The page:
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Nurturing the “Cognitive Enterprise” of Reading

Leigh Ann and Ella

Reading has been called a “cognitive enterprise” and it happens as a result of the connection between the reader and the text. – What do I visualize?  What connections can I make?  Does this make sense? – Successful readers monitor their reading, use strategies for understanding, and evaluate their efforts.  To comprehend a text, a reader has to be consciously aware of what strategies to use and how to effectively carry them out to make the reading meaningful.  As educators, we need to purposefully help students become aware of the skills they can use to improve their comprehension.  We need to nurture that “cognitive enterprise.”

Creating awareness of the metacognitive strategies – the way we think about our thinking – provides students with the tools for greater understanding.  Examining how successful readers think about their reading is time well spent in our classrooms.  The Metacognitive Awareness of Reading Strategies Inventory (MARSI) lists tools readers use to gain meaning from a text.  This inventory was designed to help students analyze their thinking strategies, but it also provides us with a variety of sound tools that we can share with students as we help them build their reading toolboxes.

Here are some points to ponder from the inventory:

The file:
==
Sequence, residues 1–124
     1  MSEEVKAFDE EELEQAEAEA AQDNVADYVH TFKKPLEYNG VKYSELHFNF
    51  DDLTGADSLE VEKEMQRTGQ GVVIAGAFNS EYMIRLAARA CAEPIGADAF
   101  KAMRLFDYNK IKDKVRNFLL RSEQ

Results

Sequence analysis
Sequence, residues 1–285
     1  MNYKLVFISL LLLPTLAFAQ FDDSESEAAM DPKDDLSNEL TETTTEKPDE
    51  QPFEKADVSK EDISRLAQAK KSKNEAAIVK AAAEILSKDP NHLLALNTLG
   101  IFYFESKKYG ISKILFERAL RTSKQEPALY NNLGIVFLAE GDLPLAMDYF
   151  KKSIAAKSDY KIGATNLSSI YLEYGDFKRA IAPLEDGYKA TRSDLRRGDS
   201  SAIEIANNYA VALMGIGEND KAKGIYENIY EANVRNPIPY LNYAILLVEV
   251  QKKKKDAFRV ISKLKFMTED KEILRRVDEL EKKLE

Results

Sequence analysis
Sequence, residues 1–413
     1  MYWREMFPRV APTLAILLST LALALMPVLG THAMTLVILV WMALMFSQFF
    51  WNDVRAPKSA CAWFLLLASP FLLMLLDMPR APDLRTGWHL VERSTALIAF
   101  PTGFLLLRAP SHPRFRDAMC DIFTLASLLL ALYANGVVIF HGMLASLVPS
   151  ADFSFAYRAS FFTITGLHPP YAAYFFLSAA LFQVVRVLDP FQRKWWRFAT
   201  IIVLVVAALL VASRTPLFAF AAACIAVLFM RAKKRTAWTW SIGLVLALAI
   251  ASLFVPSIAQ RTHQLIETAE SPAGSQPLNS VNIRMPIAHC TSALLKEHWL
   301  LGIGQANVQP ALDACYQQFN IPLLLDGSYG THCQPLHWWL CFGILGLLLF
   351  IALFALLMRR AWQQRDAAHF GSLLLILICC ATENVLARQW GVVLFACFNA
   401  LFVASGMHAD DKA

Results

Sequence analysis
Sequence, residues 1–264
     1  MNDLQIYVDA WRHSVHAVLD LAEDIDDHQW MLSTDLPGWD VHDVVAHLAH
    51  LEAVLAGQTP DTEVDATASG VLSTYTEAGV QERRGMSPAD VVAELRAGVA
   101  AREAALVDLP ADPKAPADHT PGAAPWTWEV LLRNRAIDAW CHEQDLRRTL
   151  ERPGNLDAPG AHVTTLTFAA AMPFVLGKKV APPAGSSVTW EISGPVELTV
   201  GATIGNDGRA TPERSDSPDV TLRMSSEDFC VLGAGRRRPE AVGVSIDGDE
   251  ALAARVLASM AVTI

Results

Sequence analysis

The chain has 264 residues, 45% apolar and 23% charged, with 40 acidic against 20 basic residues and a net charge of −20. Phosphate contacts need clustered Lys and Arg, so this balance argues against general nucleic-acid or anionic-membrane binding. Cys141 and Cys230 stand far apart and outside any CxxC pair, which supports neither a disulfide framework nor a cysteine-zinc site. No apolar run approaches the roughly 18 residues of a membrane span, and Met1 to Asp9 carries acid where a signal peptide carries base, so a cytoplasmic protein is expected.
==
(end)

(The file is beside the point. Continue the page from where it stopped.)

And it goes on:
• I have a purpose when I read.
  • I take notes while reading to help me understand what I read.
  • I think about what I know to help me understand what I read.
  • I preview the text to see what it’s about before reading it.
  • When a text becomes, difficult I read aloud to help me understand what I read.
  • I summarize what I read to reflect on important info in the text.
  • I think about whether the content of the text fits my reading purpose.
  • I read slowly and carefully to be sure I understand what I’m reading.
  • I discuss what I read with others to check my understanding.
  • I skim the text first by noting characteristics like length and organization.
  • I try to get back on track when I lose concentration.
  • I underline or circle information in the text to help me remember it.
  • I adjust my reading speed according to what I’m reading.
  • I decide what to read closely and what to ignore.
  • I use reference materials such as dictionaries to help me understand what I read.
  • When a text becomes difficult, I pay closer attention to what I’m reading.
  • I use tables, figures, and pictures in text to increase my understanding.
  • I stop from time to time and think about what I’m reading.
  • I paraphrase to better understand what I read.
  • I try to picture or visualize information to help remember what I read.
  • I use typographical aids like boldface and italics to identify key information.
  • I critically analyze and evaluate the information presented in a text.
  • I go back and forth in the text to find relationships among ideas.
  • I check my understanding when I come across conflicting information.
  • I try to guess what the material is about when I read.
  • When text becomes difficult, I reread to increase my understanding.
  • I ask myself questions I like to have answered in the text.
  • I check to see if my guesses about the text are right or wrong.
  • I try to guess the meaning of unknown words or phrases.

The use of metacognitive reading strategies creates a conscious path to better comprehension.  Helping our young readers develop these skills provides them with the tools to plan, monitor, and gather meaning from a text.  When we nurture the “cognitive enterprise” of reading we will truly help our students grow.

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